1st March 2016: Wenger urges solidarity as we prepare for Swansea

Welcome to a brand new month on TremendArse. Here’s hoping March will be more successful for Arsenal than February was, and January, December and November for that matter, because if we want to ‘defy all odds’ and win the Premier League, as Arsene Wenger said today, it has to be.

Speaking at his pre-Swansea press conference, the boss stood firm is his belief his side are still very much in the title race despite a run of just seven wins from their last 16 Premier League games since the end of October, which has left the Gunners five points adrift of league leaders Leicester City, and sickeningly, three behind a grossly over-rated Tottenham. He said:

What we want to do is defy all the odds that are against us at the moment. The best way to do it is to fight together for that. We have come out of a bad week so we want to have a good week now. It’s as simple as that and that’s why you love competition. A bad week is not permanent, it’s what you make of it and how you respond. That’s the beauty of sport. Things change quickly one way or the other. That’s beautiful as well. We are professional and we want to focus on how we respond to the defeat. It can happen. We lost 3-2 at Manchester United, we are not happy with the result but if you analyse the game we had two lapses of focus that we paid for. That made the game difficult for us after. We gave a lot against Barcelona and the disappointing outcome certainly had an impact on our belief against Manchester United, but we want to focus on the positives and recover from it. We want to give our best from now until the end of the season.

That defeat against a severely-weakened Manchester United team on Sunday has inevitably led to an outpouring of anger, criticism and ridicule alike, but Arsene seemed unmoved today, suggesting his longevity as Arsenal manager means he’s seen and heard it all before. Funnily enough, that’s what a lot of fans and pundits would throw straight back at him.

Anyway, adding that he wants fans to get behind the team between now and the season’s end, he also stressed that the contest for the crown is still a very close one, saying:

I’m never surprised by the criticism that comes – that’s part of the media today. Part of the opinion is always a bit excessive and emotional, but we have to deal with that and I don’t complain about it. Yes, that’s what we want to do [and use criticism as motivation]. We want to transform the negatives into positives around us and create even more solidarity. Let’s not go overboard, we do not play to be relegated. We are playing to fight for the title. That’s why we have to put criticism in the right place. After 20 years I’m used to it. We have built this club, and it has been built before me, with values. What we try to do is respect these values and when we are disappointed we need to show these values and clarity to fight together. What you want from your fans is to fight together until the last game of the season. What we have learnt from the league is that it is very tight, that everybody can drop points, and the teams – and the fans – who can show togetherness and solidarity until the end, might come out of it in a positive way. That’s what we want, to fight together until the last game of the season and not give up when you have a bad game or a bad result. That’s what fans and players and teams and clubs are about.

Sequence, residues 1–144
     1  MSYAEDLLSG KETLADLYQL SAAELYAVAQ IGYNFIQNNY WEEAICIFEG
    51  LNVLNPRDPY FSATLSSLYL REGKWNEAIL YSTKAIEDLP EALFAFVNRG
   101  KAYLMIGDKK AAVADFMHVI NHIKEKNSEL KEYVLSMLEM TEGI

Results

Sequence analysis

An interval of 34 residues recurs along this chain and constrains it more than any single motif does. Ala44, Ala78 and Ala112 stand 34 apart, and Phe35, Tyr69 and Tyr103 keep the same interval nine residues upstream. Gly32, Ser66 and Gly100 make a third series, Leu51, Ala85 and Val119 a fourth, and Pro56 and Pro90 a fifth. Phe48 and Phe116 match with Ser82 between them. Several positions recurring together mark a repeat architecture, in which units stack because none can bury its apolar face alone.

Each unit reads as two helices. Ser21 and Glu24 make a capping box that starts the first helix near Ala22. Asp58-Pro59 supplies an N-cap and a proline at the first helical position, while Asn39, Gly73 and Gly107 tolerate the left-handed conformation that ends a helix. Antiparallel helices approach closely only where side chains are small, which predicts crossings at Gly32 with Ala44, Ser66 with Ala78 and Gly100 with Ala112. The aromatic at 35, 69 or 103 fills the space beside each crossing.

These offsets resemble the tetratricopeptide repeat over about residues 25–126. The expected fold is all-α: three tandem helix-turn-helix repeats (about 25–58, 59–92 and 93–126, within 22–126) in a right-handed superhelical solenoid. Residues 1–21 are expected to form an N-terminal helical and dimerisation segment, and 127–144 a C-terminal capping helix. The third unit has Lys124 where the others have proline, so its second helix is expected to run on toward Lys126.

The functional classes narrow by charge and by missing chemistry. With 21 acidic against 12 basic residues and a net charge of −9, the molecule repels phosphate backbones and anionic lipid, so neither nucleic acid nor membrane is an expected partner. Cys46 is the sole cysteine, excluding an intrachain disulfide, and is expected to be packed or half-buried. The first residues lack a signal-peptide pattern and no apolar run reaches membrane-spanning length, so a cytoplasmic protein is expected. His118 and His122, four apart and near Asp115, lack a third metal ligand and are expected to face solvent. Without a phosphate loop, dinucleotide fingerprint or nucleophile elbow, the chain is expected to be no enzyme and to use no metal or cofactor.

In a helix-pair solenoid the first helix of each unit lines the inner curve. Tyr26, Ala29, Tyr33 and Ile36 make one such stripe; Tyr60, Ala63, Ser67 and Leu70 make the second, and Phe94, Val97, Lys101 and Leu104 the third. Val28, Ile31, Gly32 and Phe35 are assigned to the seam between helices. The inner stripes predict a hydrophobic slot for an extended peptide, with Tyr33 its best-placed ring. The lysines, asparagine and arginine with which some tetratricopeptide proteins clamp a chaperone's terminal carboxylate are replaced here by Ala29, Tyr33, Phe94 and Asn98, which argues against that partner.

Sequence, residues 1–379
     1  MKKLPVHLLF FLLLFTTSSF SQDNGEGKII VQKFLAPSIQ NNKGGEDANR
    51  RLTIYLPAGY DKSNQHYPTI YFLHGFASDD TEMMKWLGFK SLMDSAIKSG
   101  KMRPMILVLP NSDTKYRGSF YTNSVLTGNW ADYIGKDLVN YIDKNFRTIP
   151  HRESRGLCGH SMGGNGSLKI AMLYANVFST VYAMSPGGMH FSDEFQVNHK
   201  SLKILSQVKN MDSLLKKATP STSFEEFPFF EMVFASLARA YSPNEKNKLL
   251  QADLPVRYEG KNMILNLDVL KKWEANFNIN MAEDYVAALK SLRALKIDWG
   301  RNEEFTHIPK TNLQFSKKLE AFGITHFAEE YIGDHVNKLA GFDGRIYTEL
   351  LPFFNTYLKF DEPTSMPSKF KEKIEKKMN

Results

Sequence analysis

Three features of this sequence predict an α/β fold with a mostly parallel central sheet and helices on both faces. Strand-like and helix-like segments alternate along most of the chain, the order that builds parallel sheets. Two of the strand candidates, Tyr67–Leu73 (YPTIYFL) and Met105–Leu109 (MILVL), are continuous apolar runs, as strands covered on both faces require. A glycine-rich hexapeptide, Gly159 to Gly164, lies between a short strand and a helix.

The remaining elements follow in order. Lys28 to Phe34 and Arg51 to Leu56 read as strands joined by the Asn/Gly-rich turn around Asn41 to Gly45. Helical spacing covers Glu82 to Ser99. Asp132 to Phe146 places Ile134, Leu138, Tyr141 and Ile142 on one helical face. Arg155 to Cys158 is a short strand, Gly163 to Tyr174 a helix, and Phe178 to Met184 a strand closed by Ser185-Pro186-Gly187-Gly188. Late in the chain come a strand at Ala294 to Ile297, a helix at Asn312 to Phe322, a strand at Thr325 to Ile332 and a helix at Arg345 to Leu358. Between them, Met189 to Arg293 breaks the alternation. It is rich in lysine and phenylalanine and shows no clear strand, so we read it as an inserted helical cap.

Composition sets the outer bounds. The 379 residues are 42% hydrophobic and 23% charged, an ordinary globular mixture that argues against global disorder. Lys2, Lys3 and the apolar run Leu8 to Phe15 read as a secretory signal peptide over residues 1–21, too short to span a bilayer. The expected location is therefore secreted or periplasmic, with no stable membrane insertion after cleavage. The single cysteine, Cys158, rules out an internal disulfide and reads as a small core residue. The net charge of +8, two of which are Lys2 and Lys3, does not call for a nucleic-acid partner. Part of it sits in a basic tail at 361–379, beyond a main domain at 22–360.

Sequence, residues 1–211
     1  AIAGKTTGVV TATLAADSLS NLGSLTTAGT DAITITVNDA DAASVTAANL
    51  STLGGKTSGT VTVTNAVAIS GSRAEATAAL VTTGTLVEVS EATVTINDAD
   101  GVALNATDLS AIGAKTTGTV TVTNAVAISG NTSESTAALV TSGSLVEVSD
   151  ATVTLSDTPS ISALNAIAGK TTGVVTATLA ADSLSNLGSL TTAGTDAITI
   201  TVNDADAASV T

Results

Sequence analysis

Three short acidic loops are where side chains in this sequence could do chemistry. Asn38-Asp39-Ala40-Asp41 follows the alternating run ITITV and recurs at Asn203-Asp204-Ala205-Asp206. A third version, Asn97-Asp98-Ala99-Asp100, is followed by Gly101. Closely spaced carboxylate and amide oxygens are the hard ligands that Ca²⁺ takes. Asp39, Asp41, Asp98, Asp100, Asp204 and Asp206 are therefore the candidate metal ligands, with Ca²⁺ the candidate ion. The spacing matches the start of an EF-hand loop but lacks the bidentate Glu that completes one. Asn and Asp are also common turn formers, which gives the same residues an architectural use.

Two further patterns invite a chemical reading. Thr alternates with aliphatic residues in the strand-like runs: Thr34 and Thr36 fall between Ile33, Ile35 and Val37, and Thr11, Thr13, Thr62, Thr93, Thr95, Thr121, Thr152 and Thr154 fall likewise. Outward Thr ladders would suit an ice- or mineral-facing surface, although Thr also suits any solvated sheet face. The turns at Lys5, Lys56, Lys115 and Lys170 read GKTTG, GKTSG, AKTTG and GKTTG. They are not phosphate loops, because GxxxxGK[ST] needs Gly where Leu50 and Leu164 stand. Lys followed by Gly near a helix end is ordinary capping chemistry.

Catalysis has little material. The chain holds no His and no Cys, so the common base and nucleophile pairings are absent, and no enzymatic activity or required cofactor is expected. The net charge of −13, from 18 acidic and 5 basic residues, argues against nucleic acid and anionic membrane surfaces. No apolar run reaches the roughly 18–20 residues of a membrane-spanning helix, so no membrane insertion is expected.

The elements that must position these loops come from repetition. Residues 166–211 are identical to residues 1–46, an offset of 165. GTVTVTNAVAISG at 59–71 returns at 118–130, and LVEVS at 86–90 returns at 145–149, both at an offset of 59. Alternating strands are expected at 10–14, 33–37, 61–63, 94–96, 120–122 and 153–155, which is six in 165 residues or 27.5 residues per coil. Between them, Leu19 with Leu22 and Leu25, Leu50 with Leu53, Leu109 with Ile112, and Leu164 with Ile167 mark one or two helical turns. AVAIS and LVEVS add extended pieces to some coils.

As always, Arsene fronted up and said all the right things; the title’s far from lost, the team and fans need to remain united, criticism can be emotional and excessive. The problem is we’ve been here so often these last 12 years or so, fans are sick and tired of words and just want the wins that secure silverware.

I’m not one of those fans. Yet. We may be on a level financial footing to our rivals now, or at least more level, but it’s only been a season or two that that’s been the case. In that time we’ve won back-to-back FA Cups and signed some of world’s best players in Mesut Ozil, Alexis Sanchez and Petr Cech. I see improvement and reasons to be confident of future success even if it feels like we’ve been enduring Groundhog campaigns for years now.

‘Project Youth’ failed to deliver trophies in the time we were financially handicapped and perhaps some bad habits set it. The winning mentality of our 2004 squad was lessened in direct correlation with our average age, but that’s now reversing and has been for a few years.

For me it’s not 12 years without a title, it’s about three. All of which is to say whilst even the most staunch supporters of Arsene over the years are beginning to contemplate a change in manager, I’m not there just yet. I think the boss has earned a year or two more to build the team he wants rather than one he has to fashion on a relative shoe-string and that he knows will sooner or later be broken up by enforced player sales.

I know I’m in an ever-diminishing minority among our fanbase but for now at least, I’m backing our manager to ‘defy the odds’ and make us champions again before his time runs out, whether that’s this term or in the next couple.

As for Leicester’s rise and Spurs’ challenge being evidence of why we’ll ‘never win the league again under Arsene, I think that view is bordering on ridiculous. Those clubs are enjoying freak seasons as far as I’m concerned and I have little doubt they won’t finish in the top four next season, even if one of them go on to win it this year.

Whatever your view though, surely we need to see how the rest of the season plays out before we solidify our stance.

Back on Wednesday.

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